For American visitors, it was strange to see so much merriment in a graveyard.
Vendors peddled ice cream pops and red and blue balloons. Mariachi bands struck up familiar melodies and children shouted as they raced around playing tag. Mothers and fathers laughed and sang as they hugged their babies, devoured food and drink from picnic baskets and set up altars at gravesites. All this, in a sea of orange and yellow marigolds, red, pink and blue-dyed roses and hundreds of other brightly colored flowers, purple wreaths and ribbons.
But to Mexicans it's a familiar spectacle that occurs every year on Nov. 2, the annual celebration of the Day of the Dead. The scene described above took place just across the border in Nogales, Mexico. But the holiday is observed in cemeteries, and in homes, throughout that country and has now spread to a growing number of American communities with Mexican-American populations, including New York, Chicago and Los Angeles, and throughout the southwest.
Actually, the Day of the Dead is a two-day observance, beginning on November 1, All Saints Day, and concluding on Nov. 2, All Souls Day. The first day honors dead children, the second and more widely celebrated, dead adults. Mexicans believe that on those days each year, the souls of dead relatives are joined with those of the living. So people of all ages troop to cemeteries to remember their dead ancestors and bond with them. Candlelight and all-night vigils in graveyards are common. Night and day, people bring specially-prepared foods to be shared, at least in spirit, with their dear departed, including a bread, flavored with sugar, orange peel and anise that they call "bread of the dead."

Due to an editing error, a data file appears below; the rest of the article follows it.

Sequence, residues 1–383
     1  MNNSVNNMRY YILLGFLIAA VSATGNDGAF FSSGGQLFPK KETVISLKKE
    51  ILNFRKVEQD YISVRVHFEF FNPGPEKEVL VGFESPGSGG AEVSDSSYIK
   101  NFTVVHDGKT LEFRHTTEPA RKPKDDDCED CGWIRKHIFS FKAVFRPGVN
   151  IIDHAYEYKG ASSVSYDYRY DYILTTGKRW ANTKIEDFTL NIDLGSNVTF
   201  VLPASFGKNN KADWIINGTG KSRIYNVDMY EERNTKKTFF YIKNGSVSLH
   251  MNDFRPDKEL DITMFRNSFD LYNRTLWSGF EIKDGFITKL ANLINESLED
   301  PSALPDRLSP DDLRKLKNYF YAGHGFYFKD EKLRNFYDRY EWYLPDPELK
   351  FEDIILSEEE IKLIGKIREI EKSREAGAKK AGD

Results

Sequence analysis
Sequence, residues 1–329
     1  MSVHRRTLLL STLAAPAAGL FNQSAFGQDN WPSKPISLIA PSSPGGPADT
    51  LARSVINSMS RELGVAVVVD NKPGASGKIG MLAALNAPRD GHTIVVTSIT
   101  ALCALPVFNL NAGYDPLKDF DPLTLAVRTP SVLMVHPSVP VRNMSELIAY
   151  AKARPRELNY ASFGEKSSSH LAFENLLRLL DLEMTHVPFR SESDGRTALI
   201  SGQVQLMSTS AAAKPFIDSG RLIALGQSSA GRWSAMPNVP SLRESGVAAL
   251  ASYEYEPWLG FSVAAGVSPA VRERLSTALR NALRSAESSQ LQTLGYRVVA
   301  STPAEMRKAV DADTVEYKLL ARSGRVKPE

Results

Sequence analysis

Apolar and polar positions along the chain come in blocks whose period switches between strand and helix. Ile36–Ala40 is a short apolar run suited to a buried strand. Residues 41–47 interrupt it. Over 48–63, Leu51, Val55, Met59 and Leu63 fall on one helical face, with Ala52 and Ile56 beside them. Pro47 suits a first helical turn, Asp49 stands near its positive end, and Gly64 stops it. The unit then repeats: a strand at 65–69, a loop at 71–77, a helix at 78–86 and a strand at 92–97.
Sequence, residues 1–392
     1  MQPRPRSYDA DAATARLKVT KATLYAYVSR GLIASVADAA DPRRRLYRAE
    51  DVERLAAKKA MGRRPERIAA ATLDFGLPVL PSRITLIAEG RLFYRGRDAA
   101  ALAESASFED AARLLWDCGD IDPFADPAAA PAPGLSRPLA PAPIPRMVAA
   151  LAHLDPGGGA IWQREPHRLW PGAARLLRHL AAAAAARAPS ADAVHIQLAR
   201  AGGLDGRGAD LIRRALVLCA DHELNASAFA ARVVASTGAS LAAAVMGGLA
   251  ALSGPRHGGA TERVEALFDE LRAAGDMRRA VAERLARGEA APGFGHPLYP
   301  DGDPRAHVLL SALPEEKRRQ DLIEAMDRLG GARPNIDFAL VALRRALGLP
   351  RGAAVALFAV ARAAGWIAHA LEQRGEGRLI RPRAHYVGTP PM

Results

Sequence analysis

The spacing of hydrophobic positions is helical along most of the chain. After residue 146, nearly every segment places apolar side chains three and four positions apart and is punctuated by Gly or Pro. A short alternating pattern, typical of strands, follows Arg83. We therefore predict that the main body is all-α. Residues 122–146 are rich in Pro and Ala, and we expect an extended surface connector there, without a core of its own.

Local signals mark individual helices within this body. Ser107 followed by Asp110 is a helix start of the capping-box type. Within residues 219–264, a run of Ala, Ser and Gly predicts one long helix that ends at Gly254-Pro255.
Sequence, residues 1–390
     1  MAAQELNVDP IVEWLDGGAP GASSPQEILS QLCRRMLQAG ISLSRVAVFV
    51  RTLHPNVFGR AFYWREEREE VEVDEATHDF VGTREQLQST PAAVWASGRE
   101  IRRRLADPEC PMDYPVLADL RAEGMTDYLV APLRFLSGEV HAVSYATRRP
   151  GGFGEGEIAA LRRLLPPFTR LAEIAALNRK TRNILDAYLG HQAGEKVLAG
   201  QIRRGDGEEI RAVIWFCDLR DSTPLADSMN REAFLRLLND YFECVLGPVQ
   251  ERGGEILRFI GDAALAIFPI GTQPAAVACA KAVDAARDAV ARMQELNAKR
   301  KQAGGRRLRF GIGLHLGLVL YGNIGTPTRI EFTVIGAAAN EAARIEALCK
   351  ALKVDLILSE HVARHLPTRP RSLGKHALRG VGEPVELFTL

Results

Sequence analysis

In addition, families set up colorful altars at home, with photos of dead relatives and the deceaseds' favorite knick-knacks and foods. Brightly decorated skulls made of sugar and candy, and skeletons of all sizes and shapes, some performing real-life tasks from farming to firefighting, are the most popular holiday toys and adult novelties. These are not intended to be bizarre, macabre or frightening. Rather, the faces on the skulls and skeletons are usually content, sometimes cheerful. All are designed to point up the continuity between life and death, a reminder, even to toddlers, that the dead are always very much connected to the living.
The origin of the holiday dates back to the Aztec Empire, before Spain's 16th century conquest of Mexico. It was originally celebrated in August. When Spanish priests forcibly converted the Indians to Catholicism, they tried to do away with it. But tradition was already too strong. As a compromise, the holiday was moved to coincide with All Saints and, more importantly, All Souls Day. The Day of the Dead is often wrongly compared with our Halloween celebration, which takes place just before it, on October 31. Halloween, too, features skeletons and skulls, and adds its own ghosts and other creepy creatures. But it is celebrated here only as a holiday for children (albeit with considerable adult assistance) and totally lacks the spiritual and family significance of the Mexican observance.